Is an error sufficient grounds for dismissal?
Instrument Repairman Alex Corning had an exemplary record over his 6 yr of employment. But one unfortunate day, he dropped a delicate and expensive lab instrument while it was being serviced.
Instrument Repairman Alex Corning had an exemplary record over his 6 yr of employment. But one unfortunate day, he dropped a delicate and expensive lab instrument while it was being serviced. The jolt broke some components and threw a number of dials and gauges out of kilter. Damage was estimated in excess of $2000.
It couldn't have happened at a worse time. Not only was the plant on an economy drive, but Maintenance Supervisor Phil Forrester was on the carpet for being days behind schedule on important projects. Pressures and tempers were high.
When Corning anxiously reported the mishap, Forrester flew off the handle. "That does it!" he barked, and accused the repairman of gross negligence. "If you exercised normal care, it couldn't have happened."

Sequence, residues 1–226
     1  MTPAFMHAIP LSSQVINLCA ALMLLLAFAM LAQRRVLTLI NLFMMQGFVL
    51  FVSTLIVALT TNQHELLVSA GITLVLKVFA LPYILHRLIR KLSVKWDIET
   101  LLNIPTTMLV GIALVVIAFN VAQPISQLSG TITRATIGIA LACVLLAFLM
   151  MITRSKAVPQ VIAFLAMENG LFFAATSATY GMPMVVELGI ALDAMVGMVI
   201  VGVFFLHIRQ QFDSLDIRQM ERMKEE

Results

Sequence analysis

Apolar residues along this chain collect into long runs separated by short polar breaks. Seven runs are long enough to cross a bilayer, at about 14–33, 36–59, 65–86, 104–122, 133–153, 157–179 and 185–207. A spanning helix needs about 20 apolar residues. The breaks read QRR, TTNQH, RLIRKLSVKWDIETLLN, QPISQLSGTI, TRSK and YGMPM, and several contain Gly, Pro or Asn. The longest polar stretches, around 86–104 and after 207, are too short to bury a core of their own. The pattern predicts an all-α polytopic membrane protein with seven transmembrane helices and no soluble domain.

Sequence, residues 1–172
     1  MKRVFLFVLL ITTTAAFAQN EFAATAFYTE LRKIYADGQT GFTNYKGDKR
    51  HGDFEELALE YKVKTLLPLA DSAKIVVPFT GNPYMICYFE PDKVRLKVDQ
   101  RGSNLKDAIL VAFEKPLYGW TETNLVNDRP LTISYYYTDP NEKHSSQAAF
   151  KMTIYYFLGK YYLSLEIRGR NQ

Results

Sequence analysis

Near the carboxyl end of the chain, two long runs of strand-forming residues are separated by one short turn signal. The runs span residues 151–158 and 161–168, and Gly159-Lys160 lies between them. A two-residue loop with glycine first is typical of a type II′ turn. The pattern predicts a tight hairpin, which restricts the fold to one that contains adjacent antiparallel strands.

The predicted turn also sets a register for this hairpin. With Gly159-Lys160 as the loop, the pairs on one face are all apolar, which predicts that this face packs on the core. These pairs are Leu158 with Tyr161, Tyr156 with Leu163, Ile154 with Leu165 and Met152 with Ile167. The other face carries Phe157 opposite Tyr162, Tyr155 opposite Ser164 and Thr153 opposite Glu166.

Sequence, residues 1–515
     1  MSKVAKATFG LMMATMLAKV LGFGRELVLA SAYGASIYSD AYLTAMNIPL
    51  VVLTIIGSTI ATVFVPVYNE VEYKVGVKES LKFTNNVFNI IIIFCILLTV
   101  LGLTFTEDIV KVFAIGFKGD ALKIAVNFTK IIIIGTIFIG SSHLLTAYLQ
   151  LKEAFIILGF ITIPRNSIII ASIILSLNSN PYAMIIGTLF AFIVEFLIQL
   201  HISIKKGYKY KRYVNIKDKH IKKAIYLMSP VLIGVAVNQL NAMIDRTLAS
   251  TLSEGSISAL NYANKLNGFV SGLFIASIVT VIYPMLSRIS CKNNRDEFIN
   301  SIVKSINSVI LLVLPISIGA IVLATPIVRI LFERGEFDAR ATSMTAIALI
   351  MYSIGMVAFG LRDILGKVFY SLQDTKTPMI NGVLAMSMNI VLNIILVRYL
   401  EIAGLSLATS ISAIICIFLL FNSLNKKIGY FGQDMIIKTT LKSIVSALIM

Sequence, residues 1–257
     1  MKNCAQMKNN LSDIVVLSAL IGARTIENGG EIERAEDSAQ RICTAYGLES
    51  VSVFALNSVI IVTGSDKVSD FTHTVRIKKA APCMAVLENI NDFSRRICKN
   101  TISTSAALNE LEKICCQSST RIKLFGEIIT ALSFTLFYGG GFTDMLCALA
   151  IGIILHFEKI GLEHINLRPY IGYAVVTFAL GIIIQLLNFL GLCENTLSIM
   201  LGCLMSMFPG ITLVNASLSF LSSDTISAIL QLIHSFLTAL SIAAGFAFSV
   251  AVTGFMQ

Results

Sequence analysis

Forrester instructed Corning to clock out and told him he'd receive his final check in the mail.
The repairman was stunned. "I have a good work record. Anyone can make an error."
"Not an error like this." Forrester refused to back down.
"I may deserve to be disciplined," Corning insisted, "but discharge is too harsh." He made a beeline for the plant steward.
Question: Do you agree that dismissal is too harsh a penalty?
Gleason's decision: "Not only does Corning have a good record," Plant Engineer Gary Gleason told Forrester, "but he was honest in taking blame for the accident, and no willful or reckless behavior was involved. Add to that the way he must feel after dropping that instrument. He's been punished enough. In my view a week's suspension will be more than adequate under the circumstances."
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After almost a decade of uncertainty, the confidence of plant floor managers is soaring. Even with a number of challenges and while implementing new technologies, there is a renewed sense of optimism among plant managers about their business and their future.
The respondents to the 2014 Plant Engineering Salary Survey come from throughout the U.S. and serve a variety of industries, but they are uniform in their optimism about manufacturing. This year’s survey found 79% consider manufacturing a secure career. That’s up from 75% in 2013 and significantly higher than the 63% figure when Plant Engineering first started asking that question a decade ago.